Will the United States be an Entitlement Society or an Opportunity Society? It’s not a new question. It’s roughly the same question Americans have been asked for decades.
Let’s begin with definitions:
OPPORTUNITY: a favorable juncture of circumstances; a good chance for advancement or progress.
ENTITLEMENT: the condition of having a right to have, do, or get something; the feeling or belief that you deserve to be given something (such as special privileges); a type of financial help provided by the government for members of a particular group.
What made America great? There are many factors to our greatness, but no one can deny the driving force of our greatness is the slogan: “America, the Land of Opportunity!” I mean, think about it, why do millions of people from other countries around the world risk everything, even their lives to get to America? Opportunity!
Since the Depression, Americans have generally had to choose between a political leader whose goal was to expand government (Entitlement), or one who wants to strengthen the private sector (Opportunity).
In an Entitlement Society, the government plays the role of a policeman who uses his power to ensure economic equality.Think of the policies during the 1930’s that prolonged rather than ended the Depression. Think of the War on Poverty, which never halted the poverty cycle. Think of the current president’s campaign theme about fairness, which he’s called “the defining issue of our time.”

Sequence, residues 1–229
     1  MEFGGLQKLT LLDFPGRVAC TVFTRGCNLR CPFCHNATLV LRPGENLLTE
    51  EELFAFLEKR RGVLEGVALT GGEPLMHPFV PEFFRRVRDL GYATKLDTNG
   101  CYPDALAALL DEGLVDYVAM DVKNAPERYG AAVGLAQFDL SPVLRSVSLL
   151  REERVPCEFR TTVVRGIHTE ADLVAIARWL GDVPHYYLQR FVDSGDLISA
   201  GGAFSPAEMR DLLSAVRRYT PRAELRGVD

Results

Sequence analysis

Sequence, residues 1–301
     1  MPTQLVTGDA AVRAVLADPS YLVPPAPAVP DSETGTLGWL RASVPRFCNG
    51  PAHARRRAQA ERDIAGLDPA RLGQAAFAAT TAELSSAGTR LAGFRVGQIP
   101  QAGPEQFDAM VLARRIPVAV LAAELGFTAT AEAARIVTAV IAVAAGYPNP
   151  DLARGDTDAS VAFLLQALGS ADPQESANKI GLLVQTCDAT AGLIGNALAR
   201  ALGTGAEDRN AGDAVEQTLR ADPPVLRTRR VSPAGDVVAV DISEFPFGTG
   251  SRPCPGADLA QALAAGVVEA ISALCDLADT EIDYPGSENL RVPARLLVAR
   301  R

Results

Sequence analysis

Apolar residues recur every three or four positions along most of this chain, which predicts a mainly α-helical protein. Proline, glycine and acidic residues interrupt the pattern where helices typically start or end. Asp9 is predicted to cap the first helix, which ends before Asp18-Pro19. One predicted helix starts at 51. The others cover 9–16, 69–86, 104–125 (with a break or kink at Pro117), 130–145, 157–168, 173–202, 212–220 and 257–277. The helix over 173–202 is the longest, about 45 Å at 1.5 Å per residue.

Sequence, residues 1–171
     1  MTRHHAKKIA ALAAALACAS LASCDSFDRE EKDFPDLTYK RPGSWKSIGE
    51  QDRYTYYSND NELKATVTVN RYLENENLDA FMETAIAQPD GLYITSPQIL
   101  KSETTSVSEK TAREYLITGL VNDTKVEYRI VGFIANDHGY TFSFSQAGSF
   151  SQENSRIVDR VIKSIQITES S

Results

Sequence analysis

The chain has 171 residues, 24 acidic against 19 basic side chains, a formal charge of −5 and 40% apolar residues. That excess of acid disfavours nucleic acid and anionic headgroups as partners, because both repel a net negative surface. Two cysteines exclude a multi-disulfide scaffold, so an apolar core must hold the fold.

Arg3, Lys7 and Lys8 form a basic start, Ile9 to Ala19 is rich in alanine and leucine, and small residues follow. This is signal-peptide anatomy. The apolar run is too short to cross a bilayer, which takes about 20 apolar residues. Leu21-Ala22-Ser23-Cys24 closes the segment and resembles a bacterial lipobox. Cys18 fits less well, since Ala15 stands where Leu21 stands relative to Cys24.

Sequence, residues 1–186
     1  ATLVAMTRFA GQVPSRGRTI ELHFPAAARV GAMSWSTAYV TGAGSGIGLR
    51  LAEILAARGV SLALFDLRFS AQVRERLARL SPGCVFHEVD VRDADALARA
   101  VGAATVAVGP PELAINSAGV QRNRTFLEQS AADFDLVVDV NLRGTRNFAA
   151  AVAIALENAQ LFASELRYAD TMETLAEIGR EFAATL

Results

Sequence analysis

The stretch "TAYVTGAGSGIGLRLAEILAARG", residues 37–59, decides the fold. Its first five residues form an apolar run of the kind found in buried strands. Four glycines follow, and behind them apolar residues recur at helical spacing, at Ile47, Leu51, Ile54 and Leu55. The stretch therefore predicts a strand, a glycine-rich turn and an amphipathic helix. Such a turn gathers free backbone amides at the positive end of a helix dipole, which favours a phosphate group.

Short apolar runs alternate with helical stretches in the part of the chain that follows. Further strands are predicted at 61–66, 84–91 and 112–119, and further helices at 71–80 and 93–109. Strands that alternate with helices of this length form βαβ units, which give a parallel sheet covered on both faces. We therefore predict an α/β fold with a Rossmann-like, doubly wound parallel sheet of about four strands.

An Entitlement Society requires wealth distribution — which requires government force. While hailed on the left as a panacea, a remedy for all difficulties, redistribution is a drain on an economy because it weakens a society’s motivation to work, invest and innovate. It moves capital from the private sector, where it would otherwise stimulate economic expansion, to the public sector, where money is spent so inefficiently that government spending is actually a drag on growth.
If a recent Gallup poll is to be believed, Americans aren’t that interested in reducing “the income and wealth gap between rich and poor.” Only 46% say that it’s “extremely” or “very” important that government should follow an equality agenda. At the same time, 82% say economic growth is either “extremely” or “very” important. More than half (52%) say that a wealth gap is an “acceptable part” of the economic system. Only 45% say it isn’t.
The growth that has created Western prosperity, the growth that 82% say is “extremely” or “very” important, is available nowhere else but in an Opportunity Society.
Only in open economies do shop owners, managers, workers and entrepreneurs have the incentive to create more wealth. On the other side is the Entitlement Society, in which the state guarantees that some or all of that wealth is divided among others who are considered more “entitled” to the wealth than the creators. In an Opportunity Society, however, creators keep what they produce, which is an incentive to produce more.
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Today, America’s economic system is mixed. It’s neither a full Entitlement Society nor a complete Opportunity Society. But we’ve moved hard toward a predominantly Entitlement Society — and ignored constitutional limits in doing so — where the special interests that have captured the government are the beneficiaries at the expense of the productive.
This is unsustainable. Greece, where the entitlement mentality has caused a fiscal collapse of the government and an economic breakdown, proves that handouts and state expansion can’t go on forever. Sweden, thought of by many on the left as having the right mix of welfare-state socialism and capitalism, saw this problem coming to its country years ago and quietly reversed its path.
Will America be smart enough to make the same adjustment?